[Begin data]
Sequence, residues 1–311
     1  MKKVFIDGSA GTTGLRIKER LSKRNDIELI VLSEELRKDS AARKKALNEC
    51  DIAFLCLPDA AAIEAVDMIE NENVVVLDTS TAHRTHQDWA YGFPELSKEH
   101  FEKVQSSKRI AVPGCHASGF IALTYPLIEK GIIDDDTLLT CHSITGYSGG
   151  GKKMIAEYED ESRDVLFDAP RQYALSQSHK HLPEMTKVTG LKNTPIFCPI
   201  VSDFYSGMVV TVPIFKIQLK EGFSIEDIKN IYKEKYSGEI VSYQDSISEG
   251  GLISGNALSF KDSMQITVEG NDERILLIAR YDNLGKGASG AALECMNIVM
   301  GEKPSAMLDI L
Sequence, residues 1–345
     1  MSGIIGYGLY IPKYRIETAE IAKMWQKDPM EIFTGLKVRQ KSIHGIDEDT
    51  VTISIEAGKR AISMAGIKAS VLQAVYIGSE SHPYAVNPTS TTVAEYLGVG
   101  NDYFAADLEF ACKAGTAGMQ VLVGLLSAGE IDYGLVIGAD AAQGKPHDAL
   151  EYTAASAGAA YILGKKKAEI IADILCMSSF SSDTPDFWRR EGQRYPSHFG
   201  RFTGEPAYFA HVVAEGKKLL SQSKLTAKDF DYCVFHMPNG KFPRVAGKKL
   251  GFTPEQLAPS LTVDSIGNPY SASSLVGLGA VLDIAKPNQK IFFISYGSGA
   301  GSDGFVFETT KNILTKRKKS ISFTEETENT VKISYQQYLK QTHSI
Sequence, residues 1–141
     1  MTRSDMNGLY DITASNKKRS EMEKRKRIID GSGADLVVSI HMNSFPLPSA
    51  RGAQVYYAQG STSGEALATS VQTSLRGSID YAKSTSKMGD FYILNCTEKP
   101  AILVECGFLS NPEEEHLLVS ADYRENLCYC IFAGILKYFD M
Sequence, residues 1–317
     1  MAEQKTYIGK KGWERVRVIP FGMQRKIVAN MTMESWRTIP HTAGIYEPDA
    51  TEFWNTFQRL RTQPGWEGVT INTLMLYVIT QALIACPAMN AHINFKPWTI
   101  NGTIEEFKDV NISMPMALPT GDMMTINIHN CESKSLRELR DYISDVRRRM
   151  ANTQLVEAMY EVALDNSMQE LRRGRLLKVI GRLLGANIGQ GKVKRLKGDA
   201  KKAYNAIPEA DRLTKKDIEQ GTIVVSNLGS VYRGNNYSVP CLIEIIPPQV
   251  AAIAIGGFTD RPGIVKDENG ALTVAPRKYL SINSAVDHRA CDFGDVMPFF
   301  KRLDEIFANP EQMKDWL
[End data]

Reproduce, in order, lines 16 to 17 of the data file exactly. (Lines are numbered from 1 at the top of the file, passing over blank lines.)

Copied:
   301  GSDGFVFETT KNILTKRKKS ISFTEETENT VKISYQQYLK QTHSI
Sequence, residues 1–141